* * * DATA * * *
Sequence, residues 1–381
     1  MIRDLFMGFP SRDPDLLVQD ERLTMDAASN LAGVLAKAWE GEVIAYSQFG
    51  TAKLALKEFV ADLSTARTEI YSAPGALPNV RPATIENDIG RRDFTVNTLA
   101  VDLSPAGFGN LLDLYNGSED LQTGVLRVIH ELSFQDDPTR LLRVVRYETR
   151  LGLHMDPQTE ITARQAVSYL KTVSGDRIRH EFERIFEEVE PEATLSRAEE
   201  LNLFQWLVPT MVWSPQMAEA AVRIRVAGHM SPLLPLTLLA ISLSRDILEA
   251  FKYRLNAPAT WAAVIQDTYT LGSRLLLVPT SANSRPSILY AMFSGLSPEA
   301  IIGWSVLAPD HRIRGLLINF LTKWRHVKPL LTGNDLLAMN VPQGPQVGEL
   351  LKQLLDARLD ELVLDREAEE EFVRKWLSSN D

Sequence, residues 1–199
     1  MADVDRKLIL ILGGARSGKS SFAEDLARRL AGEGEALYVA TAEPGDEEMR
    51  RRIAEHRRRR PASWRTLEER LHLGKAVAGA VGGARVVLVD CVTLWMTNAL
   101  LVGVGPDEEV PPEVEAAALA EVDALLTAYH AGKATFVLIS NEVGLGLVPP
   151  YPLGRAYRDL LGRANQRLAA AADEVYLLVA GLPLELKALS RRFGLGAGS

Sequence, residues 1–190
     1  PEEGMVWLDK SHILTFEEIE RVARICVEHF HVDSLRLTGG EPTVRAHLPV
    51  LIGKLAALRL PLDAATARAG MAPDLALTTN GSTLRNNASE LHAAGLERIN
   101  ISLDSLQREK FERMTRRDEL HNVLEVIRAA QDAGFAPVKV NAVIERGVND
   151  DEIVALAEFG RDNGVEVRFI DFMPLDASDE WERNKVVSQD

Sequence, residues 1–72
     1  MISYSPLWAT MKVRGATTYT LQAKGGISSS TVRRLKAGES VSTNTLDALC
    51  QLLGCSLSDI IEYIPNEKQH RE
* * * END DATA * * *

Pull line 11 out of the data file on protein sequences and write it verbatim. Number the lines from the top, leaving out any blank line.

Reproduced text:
     1  MADVDRKLIL ILGGARSGKS SFAEDLARRL AGEGEALYVA TAEPGDEEMR